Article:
The 'Psych Meds' book gets a new Title, which inspired the expansion of a different and deeper theme
You may recall that I was working on a book with the working title “Sex Toys and Psych Meds,” which tells the story of all-too-relatable Claire Colson, a successful businesswoman who, after a painful divorce from a long-term marriage, tries to heal from depression by re-entering the dating world, but only on the days she doesn't have her daughter and can manage to put on deodorant. But it’s the unlikely friendship she develops with two strong but damaged women she meets in group therapy that may help her find true healing, in ways she never expected.
Anyway, while "Sex Toys and Psych Meds" was a descriptive title and still technically representative of elements of the book, as part of the the professional manuscript critique I got from Tory Hunter (www.toryhunterbooks.com, who is fantastic, btw), she suggested a title change and the emphasis of missing pictures as a metaphor in the book. And it was a great suggestion. Pictures/photos are a recurring motif in the story, starting with Claire insisting on inspecting Roger Bigcock’s (not his real name) driver’s license, including his photo for verification, as part of her first on-line dating experience, and up to and including Claire’s brave decision to finally look through family photo albums with Gretchen at her side, once she finally felt strong enough to revisit the remnants of her broken life. Still, it’s the missing ones that hurt the most, and also are the most revealing.
But missing pictures can be placeholders for the things to come. And this thought, and the use of the metaphor in this way, is powerful. It’s powerful when you are struggling with mental illness and wondering if you are ever going to be well again, and it’s powerful when you are recovering from a betrayal so bone-deep it feels like a graft. But that’s not the whole story. The rest of it is Claire’s amazing, (sometimes) clinically crazy, strong-as-hell friends, who won’t let those photo slots stay empty. And who are teaching Claire that Group wasn’t the end. It was just the beginning.
So Tory’s suggestion led to a title change, which is now MISSING PICTURES, and also inspired me to create what I believe to be a beautiful cover (see below). And both the title and the cover are just as representative of what’s inside the book, maybe more so than the original working title. Because it’s hard to remember when you are in the Dark Place, but it’s not just what’s missing that matters. What matters more is what is actually here -- the real moments that form the scatter diagram that make up your life, and the images of the faces of people that actually stay.
Gosh, I love this book. It has my heart, like A Whisper of Smoke did. And people loved that book, maybe in part because I left pieces of my heart in it. This one is the same, and there’s a reason for it.
It is inspired by the very real and beautiful friendship I formed, unexpectedly, ten years ago when I met Jennifer* and Emma* (*code names picked by them) at Group therapy, when I was on leave from my high-power job as partner at a big firm, barely able to think or talk or even breathe, the only part of me still functioning at all the part that was determined to love and protect my son. And that was before the restraining order, the loss of my house (temporarily), and most painful of all, how close I came to losing custody of my (then) little boy. And, man, I was deep in the Depression Hole. But it was my friendship with Jennifer and Emma, two beauties with their own brands of mental illness and who have loved me so unexpectedly and powerfully, along with the unfailing love of my parents, my brothers (and sisters-in-law), my aunt and uncle and others that stepped up in my very worst time, that helped me climb out if it.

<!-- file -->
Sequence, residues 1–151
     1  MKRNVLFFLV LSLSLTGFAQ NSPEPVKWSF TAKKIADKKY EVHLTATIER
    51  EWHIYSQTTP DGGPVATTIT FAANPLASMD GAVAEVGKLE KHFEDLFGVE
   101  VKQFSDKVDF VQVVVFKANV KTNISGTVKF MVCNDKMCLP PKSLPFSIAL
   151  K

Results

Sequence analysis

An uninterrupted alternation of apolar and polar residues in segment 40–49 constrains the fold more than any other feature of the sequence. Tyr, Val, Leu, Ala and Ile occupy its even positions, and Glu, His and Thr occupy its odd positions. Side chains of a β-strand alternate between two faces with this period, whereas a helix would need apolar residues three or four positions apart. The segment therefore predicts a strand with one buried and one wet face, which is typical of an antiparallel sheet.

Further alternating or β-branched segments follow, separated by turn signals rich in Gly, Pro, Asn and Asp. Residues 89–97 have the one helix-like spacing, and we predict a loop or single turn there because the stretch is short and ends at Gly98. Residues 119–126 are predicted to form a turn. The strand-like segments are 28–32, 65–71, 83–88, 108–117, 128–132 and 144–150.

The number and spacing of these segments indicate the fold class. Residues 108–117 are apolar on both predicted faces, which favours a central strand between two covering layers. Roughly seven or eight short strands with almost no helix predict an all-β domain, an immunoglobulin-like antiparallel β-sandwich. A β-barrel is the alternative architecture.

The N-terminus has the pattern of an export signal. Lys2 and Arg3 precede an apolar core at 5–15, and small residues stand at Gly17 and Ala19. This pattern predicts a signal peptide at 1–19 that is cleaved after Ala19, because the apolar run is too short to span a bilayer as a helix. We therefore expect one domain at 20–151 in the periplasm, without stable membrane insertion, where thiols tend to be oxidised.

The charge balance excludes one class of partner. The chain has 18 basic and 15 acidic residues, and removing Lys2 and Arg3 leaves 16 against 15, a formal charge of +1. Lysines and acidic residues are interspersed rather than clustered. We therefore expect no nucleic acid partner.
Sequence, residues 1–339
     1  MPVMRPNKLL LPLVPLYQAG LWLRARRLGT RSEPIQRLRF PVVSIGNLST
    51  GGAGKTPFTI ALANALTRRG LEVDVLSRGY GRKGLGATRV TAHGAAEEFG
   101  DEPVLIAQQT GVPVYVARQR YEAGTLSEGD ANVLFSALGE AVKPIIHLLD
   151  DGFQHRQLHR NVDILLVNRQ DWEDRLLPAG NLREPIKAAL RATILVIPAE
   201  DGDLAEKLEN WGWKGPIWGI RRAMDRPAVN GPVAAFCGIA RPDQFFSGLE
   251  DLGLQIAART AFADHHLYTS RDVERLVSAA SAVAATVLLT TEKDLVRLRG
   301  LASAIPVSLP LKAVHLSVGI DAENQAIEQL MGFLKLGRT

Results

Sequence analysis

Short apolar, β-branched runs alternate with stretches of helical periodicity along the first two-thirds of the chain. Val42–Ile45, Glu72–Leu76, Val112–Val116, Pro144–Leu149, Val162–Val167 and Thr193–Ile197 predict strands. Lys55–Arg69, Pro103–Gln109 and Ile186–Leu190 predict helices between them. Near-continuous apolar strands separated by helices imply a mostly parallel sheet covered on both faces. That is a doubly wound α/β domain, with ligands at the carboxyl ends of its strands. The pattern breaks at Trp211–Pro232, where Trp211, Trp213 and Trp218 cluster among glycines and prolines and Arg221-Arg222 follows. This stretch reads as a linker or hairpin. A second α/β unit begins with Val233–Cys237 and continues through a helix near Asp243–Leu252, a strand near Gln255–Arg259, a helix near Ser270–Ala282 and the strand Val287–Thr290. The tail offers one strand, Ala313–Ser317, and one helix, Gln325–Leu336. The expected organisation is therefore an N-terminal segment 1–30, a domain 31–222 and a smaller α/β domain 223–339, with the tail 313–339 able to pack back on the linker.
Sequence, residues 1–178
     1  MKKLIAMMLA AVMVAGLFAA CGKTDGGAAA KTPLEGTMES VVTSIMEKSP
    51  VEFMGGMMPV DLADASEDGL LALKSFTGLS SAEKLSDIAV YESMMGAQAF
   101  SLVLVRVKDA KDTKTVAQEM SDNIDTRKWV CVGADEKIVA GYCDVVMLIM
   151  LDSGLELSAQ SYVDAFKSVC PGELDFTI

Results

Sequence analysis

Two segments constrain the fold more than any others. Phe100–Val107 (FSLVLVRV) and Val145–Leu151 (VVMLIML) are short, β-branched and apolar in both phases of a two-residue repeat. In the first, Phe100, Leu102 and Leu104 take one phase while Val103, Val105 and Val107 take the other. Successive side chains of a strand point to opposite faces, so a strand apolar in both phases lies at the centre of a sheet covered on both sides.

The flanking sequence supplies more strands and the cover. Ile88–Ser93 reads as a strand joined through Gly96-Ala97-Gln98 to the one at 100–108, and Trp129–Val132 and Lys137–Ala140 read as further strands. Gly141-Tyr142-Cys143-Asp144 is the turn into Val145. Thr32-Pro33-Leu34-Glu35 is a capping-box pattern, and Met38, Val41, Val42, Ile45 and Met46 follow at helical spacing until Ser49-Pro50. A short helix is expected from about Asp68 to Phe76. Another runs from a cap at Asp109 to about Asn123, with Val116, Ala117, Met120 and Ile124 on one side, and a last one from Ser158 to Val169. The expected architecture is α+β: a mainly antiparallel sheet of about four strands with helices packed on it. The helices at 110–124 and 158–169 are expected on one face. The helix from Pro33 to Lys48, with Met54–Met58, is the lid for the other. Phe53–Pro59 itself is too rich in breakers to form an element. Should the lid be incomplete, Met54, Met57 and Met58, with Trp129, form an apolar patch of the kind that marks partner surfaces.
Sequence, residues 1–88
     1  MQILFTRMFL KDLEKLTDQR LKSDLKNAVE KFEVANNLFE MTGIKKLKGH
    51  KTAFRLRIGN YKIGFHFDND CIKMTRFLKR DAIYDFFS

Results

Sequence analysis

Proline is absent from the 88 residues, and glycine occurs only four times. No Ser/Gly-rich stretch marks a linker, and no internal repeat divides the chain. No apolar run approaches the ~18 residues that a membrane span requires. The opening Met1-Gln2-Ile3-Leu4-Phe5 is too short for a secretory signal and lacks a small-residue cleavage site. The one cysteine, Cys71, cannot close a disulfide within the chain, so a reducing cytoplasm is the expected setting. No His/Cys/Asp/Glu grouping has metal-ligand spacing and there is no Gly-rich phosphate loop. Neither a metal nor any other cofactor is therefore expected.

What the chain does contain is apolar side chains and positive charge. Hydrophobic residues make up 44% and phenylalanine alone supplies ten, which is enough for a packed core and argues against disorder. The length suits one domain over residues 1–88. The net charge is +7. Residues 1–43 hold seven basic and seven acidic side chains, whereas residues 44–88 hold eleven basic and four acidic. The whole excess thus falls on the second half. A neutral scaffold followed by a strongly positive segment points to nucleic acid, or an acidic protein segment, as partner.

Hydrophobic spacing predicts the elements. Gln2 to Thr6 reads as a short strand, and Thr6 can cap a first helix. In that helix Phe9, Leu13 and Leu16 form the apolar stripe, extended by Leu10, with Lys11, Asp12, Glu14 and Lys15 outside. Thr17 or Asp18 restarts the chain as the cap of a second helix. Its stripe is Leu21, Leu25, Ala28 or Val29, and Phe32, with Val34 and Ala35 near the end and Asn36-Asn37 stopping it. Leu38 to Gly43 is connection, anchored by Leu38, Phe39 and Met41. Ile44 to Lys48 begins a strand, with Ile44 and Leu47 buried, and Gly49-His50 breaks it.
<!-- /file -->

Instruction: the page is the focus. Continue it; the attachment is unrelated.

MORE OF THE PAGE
And lord, those girls have made me laugh.
So... here's the new cover and the latest description (you can also find this on the 'My Books' page of my web-site. Click on the book cover and it will take you to it.)
After surviving a painful divorce, normally fierce businesswoman Claire Colson is on leave from her job, clinically depressed, and quite possibly failing as a mother. Determined to beat the blues, Claire attends group therapy at the psych hospital, where she meets Tasha and Gretchen — two single moms from very different walks of life with their own brands of mental illness. Claire finds comfort in their unconditional acceptance and unfailing humor, and is surprised to find a friendship she didn’t expect. With her friends’ encouragement, Claire enters the Nashville dating scene. Unfortunately, the selection includes middle-age rejects, young guys suffering from beer fog, or judgmental men that remind her how far she’s fallen. At the same time, Tasha and Gretchen teach Claire what it is to live with mental illness, including that Group isn’t the end. It’s only the beginning. But time is running out. If Claire can’t get to a better place, she could lose everything she’s worked for, including custody of her daughter. Nothing in her life is what it once was, but with her unlikely friends by her side, can Claire find a path to a future worth living, even if it may not look like the life she lost?
CONTENT WARNING: Contains adult content, including sexual situations and explicit language, as well as realistic depictions of mental illness.
TRIGGER WARNING: References to sexual assault, depiction of suicidal actions as well as delusional psychosis.